September 19, 2005
While playing online Poker, I have said
that there are three topics I won't discuss in
table chat; politics, religion, and whether online
poker is rigged. That's because many people's
opinions on those topics are hardened and not
amenable to friendly or productive discussion.
Away from the table, I'll venture a couple of
comments about improbable events in poker. While
not direct instruction in the tactics and strategy
of play, these comments may help you take
"bad beats" in stride -- and that, in
turn, is an essential part of poker maturity.
First, let's consider what most would view as a
typical "bad beat" -- a lower pocket
pair winning against a higher pocket pair in hold
'em, such as KK beating AA. When those hands share
one suit, the chance of the worse hand winning is
about 18%. The chance of the lower pair winning
twice -- that is, the next two times that such
hands happen to go against each other -- is about
3%. If in one session of play, a lower pocket pair
beat a higher pocket pair twice, that might seem a
little, well, weird to some players.
Consider another situation involving chance.
When two dice are thrown, the chance of rolling
"snake eyes" (1-1) is about 3% -- about
the same as a lower pocket pair beating a higher
pocket pair twice.
Suppose there were 600 craps tables using
standard, unaltered dice with nine players around
each table -- a total of 5,400 players -- and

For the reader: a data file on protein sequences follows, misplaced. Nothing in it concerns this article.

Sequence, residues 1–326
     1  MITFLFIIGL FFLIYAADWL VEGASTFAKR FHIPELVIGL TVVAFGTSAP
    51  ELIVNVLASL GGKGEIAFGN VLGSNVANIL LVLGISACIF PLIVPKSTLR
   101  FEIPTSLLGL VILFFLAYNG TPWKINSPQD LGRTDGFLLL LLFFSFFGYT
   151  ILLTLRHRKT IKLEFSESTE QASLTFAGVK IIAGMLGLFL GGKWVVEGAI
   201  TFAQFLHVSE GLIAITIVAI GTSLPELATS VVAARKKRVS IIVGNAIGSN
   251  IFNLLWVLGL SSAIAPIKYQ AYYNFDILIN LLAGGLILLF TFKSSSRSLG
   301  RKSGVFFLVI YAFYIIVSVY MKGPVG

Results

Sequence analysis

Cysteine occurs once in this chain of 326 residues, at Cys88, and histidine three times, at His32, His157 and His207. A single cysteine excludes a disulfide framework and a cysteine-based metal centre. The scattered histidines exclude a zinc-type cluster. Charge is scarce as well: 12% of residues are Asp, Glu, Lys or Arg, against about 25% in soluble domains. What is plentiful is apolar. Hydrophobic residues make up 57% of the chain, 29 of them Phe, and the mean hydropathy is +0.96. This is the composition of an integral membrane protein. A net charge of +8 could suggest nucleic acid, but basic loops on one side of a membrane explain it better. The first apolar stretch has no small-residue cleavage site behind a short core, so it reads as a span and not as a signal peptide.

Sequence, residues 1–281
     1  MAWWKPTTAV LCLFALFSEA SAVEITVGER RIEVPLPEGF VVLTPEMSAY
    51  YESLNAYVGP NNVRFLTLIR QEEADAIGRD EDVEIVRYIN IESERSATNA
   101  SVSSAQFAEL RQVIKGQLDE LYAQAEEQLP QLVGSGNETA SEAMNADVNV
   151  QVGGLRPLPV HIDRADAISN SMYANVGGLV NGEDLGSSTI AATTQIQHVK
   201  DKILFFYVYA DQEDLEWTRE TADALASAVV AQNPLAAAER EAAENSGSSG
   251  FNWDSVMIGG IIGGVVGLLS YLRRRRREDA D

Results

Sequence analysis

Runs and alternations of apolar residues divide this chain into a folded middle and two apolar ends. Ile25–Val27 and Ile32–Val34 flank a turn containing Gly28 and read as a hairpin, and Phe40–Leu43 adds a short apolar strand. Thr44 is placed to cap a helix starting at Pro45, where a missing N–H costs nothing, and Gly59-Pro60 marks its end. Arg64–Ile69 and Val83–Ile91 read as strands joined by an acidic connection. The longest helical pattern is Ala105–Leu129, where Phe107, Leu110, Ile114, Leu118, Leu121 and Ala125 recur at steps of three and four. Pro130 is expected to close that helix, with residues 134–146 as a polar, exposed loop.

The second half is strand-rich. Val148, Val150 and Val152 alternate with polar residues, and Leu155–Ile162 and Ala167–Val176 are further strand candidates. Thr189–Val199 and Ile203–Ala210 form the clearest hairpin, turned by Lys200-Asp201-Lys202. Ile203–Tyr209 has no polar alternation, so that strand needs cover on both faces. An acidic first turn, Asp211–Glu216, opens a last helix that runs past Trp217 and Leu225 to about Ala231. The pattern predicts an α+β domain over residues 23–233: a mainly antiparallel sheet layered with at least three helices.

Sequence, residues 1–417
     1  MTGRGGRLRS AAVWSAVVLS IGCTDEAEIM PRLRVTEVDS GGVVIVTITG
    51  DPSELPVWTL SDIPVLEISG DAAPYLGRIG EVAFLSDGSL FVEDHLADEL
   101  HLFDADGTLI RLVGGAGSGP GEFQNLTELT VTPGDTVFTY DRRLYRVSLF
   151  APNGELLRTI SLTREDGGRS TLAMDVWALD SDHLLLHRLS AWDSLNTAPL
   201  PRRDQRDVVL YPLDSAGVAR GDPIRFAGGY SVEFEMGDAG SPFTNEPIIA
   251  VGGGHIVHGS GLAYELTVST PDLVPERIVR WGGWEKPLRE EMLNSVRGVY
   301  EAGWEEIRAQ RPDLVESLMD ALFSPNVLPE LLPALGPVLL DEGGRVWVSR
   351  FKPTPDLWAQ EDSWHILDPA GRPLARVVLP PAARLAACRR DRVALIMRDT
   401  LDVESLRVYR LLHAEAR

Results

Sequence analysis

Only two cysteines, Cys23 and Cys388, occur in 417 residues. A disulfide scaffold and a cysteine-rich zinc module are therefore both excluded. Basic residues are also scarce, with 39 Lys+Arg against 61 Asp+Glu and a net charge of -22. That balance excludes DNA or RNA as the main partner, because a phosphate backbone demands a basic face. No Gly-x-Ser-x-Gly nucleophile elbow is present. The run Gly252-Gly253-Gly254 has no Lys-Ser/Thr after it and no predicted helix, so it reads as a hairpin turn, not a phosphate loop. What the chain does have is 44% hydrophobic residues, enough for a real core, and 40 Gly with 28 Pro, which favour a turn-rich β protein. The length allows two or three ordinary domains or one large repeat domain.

these tables operated for a three-hour
"session." How many players would
observe snake eyes being thrown at least once? The
statistical expectation result is not important.
The point is that it's easy to intuitively see
that a large number of players would.
Further, do you think some players might see
snake eyes thrown several times in an evening --
say, three or four times? (That is equivalent to
six or eight poker "bad beats.") And if
some of those players would be inclined to report
their observation on forums and in chat, then it
might seem to some as if the dice were
Let's go back to poker. Recently, I played a hand
of No-Limit Hold 'Em. An
opponent four seats in front of the button
open-raised pre-flop. It was folded around to me
in the big blind, and I called. I semi-bluff
check-raised the flop, continued with a semi-bluff
bet on the turn, was raised all-in, and called the
raise. I made my draw on the river. After the hand
my opponent chatted:
opponent: ur horrible steve
opponent: why the [****] did u call that?
opponent: horrible that this site rewards that
(Confidential to opponent: I know these
comments were made in the heat of the moment after
a big loss and don't necessarily reflect your
Let's take a look at my call on the turn. I
held Ad Td; my opponent held Kd Kc. The board was
Qd 9d 7h Jc.
With my opponent's actual holding, I had 16
outs to win the pot on the river, making me a 1.75
to 1 underdog. Of course, it could have been worse
for me against other holdings, but even the worst
case for me would have been to be up against K-T
(a made straight), and then I would have been only
a 3 to 1 underdog.
After my bet and the opponent's all in-raise, I
was getting pot odds of 3.7 to 1 to call, so the
call is clearly correct. But it seemed to my
opponent -- and to at least one observer -- that I
made a bad call, and that my winning with a 36%
chance to do so when I called was a bad beat for
The moral of this story: While "bad
beats" (low-probability events) do occur,
sometimes a closer examination of a poker hand can
change first impressions and allow you to continue
to play with a cooler, clearer head.